Funny, you know I hang out around TV circles and forums and I don't recall anyone saying that "Person of Interest" made history. Perhaps your grandfatherly crush on Ms Acker is clouding your judgment a bit. :-D

I caught an episode or two when it started but thought it was typical formulaic American TV and I had much better things to watch. But as far as being predictive even the title is something that emerged with the rise of the American Fascist State after 9/11 with our Nazi-like Homeland Security and Patriot Act. You're forgetting "A Scanner Darkly" which predates that show not to mention "1984" and even Fritz Lang's "Metropolis", not to mention numerous science fiction novels and short stories. In a way I thought that "Person of Interest" was trying to acclimatize Americans to the idea of constantly being watched. Right now they're trying to foment a lot of fear over ISIS and Ebola to take away even more of our civil liberties. Folks, don't stand for it.

Of course now we can watch the neighborhood ourselves as more and more of us get surveillance cameras being that the systems are affordable and don't require some monthly extortion fee from a security company. Funny thing there as a kid in the 1950s I would get the yearly Allied Radio catalog where I would buy electronic kits to build. But my dream thing to own back then in the late 1950s was a $300 TV camera they sold. It's main use was for business owners to hook up to a TV as a security camera. Needless to say I never came up with the $300.

As for AI, it could very well be a danger. After all the intellect is binary, just "yes" or "no". At the company I worked for in the 1990s a team was trying to build a product that would emulate human behavior. They were doing so by processing a long list of memes. I told them that was too complicated and mentioned that the intellect was binary and the human mind not that complicated. They thought I was nuts until one of our project leads came across a graduate paper published by a Berkeley student which demonstrated just that. The product shipped with just a few variables which reliably did emulate human behavior.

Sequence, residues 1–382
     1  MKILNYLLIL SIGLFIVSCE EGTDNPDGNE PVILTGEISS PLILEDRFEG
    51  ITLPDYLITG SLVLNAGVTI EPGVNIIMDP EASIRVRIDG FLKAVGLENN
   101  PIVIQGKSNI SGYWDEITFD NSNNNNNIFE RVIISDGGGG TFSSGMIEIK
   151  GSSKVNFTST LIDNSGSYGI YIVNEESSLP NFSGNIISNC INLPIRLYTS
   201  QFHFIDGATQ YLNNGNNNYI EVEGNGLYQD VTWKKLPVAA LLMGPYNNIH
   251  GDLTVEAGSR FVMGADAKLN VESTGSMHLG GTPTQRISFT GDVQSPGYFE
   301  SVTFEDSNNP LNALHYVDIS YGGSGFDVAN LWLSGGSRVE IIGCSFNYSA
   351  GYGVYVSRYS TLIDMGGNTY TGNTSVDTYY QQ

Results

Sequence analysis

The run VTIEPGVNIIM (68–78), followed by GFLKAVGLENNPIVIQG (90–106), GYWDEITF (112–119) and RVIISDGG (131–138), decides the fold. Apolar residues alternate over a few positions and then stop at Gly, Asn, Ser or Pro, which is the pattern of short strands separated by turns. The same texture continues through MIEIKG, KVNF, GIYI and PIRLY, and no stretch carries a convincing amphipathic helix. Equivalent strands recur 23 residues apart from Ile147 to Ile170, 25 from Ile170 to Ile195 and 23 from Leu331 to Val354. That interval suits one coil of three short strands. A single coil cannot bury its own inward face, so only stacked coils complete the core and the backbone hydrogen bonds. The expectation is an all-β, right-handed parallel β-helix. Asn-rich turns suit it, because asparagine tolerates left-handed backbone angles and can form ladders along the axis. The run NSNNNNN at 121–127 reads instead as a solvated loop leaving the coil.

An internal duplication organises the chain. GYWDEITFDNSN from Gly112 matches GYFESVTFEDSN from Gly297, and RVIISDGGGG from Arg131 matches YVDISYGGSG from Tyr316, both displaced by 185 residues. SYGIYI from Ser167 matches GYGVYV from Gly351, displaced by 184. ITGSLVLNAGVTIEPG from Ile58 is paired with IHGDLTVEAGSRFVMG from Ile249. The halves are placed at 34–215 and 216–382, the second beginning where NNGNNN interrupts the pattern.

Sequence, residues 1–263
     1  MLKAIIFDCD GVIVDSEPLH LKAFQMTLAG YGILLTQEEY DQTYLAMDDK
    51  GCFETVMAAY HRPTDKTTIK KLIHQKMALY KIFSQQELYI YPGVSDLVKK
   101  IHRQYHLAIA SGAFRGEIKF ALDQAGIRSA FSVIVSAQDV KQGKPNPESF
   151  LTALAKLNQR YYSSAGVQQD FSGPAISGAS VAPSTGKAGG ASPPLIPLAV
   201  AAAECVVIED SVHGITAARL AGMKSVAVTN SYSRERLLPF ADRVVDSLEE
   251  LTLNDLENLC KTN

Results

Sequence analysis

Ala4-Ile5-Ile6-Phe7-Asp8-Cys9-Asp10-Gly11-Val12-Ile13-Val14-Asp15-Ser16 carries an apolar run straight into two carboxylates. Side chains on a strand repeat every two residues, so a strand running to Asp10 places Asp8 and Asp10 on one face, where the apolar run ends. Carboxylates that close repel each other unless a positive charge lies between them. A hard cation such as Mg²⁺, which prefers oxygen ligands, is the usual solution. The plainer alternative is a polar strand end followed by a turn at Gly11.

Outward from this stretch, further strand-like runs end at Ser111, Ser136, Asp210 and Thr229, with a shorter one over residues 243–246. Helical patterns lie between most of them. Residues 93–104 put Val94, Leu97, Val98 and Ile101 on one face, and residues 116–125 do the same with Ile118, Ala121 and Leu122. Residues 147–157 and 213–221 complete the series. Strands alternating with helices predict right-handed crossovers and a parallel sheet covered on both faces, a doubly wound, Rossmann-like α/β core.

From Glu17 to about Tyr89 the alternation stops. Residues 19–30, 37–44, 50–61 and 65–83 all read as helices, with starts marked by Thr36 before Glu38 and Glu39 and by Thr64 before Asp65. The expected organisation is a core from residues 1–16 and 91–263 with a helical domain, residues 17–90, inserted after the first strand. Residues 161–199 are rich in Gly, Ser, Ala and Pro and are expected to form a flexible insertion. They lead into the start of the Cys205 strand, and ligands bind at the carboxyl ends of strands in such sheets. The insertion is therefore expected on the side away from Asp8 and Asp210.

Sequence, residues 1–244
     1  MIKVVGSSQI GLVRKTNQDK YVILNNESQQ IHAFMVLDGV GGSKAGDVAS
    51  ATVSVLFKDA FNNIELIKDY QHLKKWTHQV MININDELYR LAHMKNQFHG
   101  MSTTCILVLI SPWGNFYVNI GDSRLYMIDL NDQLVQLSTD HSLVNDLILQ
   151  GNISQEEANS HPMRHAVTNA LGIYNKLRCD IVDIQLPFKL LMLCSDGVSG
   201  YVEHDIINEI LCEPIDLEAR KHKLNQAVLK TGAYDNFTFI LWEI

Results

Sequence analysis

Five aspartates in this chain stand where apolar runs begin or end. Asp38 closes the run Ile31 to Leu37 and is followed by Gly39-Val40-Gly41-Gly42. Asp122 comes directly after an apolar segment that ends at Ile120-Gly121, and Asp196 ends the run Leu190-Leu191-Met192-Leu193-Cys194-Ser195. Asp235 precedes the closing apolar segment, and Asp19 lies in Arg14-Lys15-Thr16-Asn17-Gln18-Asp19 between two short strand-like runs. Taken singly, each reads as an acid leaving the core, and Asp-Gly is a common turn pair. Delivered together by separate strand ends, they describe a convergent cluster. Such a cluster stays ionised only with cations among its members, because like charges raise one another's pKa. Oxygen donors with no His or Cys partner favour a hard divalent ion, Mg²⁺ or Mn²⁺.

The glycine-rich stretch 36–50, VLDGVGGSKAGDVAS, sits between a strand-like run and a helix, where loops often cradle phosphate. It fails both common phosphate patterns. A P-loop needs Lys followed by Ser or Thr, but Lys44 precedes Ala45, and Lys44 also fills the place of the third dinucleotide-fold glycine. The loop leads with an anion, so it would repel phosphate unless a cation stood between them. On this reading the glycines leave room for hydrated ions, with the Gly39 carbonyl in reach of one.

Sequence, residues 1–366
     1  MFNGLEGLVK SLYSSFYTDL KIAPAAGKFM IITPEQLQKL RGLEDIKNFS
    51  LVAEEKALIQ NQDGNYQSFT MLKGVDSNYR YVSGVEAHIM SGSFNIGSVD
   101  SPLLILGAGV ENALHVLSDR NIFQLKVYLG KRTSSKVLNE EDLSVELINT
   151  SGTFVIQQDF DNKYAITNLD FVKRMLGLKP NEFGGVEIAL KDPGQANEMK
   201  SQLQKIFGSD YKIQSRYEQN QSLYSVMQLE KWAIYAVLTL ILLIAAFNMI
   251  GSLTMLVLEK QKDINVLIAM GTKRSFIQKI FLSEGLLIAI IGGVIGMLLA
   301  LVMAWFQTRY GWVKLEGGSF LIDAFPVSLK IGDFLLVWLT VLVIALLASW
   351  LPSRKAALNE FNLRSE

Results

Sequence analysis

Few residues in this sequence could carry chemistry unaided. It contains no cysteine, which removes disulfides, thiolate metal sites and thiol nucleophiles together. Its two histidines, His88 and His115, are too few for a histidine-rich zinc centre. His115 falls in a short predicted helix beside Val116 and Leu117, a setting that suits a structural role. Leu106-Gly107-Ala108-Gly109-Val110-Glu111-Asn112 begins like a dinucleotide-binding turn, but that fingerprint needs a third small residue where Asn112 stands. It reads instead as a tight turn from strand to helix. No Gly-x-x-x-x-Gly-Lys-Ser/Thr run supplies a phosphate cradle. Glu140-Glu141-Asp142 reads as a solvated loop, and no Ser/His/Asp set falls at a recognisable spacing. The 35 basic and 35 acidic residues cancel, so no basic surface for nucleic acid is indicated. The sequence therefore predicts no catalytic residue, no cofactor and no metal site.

Where did my idea come from?  Indian philosophy.

On 10/26/2014 03:41 AM, TurquoiseBee [FairfieldLife] wrote:
The most intelligent examination of AI in the entertainment world these days is a TV show called "Person Of Interest," created by Jonathon Nolan. Nolan is the brother of Christopher Nolan, and was co-writer of many of his big hits, such as "The Dark Night," "The Dark Knight Rises," "The Prestige," and the short story on which his brother's "Memento" was based. He'll also be the writer of his brother's upcoming "Interstellar," already getting great reviews in previews.

"Person Of Interest" made history by predicting a complex arrangement of computers and closed-circuit TV and surveillance equipment so vast and so uncontrolled that it could watch literally every minute of our lives. Interestingly, Nolan did this and put it on mainstream TV *before* Snowdon blew the whistle and revealed that the NSA had this ability in real life and was *already* watching pretty much every moment of our lives.

The main difference in "Person Of Interest" is that the force behind all of this uber-surveillance is "the machine," an AI developed by Harold Finch (Michael Emerson from "Lost"). In the early seasons this AI gains sentience and begins to help Finch and his associates keep normal people from harm. But in the last two seasons it's taken a far darker turn, as a competing AI has entered the picture, and now they are dueling in cyberspace, trying to establish dominance.

It's actually a fun and entertaining series. I particularly like Amy Acker as Root, a brilliant computer nerd/psychopath who first starts as an enemy of "the machine" and who later becomes its disciple. Yes, disciple. It "sees all, and knows all," so what, after all, distinguishes it from God?

*From:* " [FairfieldLife]" <>
*Sent:* Saturday, October 25, 2014 11:04 PM
*Subject:* [FairfieldLife] Re: Rise of the Machines

The dangers of human intelligence are known well enough. Maybe we should try something different? The problem is we are creating AI, if it mimics us, we can expect it to do the things we do. Regardless of whether we regard machines as conscious or not (an unanswered philosophical question), machines can be aware of their environment in a mechanistic sense (suspiciously like how we are aware of our environment). A real AI machine would be a self learner and how dangerous such a machine might be would probably be determined how autonomously it can function in the world and how complex its neural net is.

This has been the fodder of science fiction (Colossus:The Forbin Project; 2001: A Space Odyssey and the Terminator series of motion pictures) where the technology goes awry. On the other hand science fiction has positive examples of this (City; The Bicentennial Man; The City and the Stars; andI Robot to name a few novels) where artificial intelligence is generally presented as beneficial in relation to biological organisms.

---In, <jr_esq@...> wrote :

Elon Musk warns of the dangers of artificial intelligence.  Is he right?;par=yahoo&amp;doc=102121127#. <>

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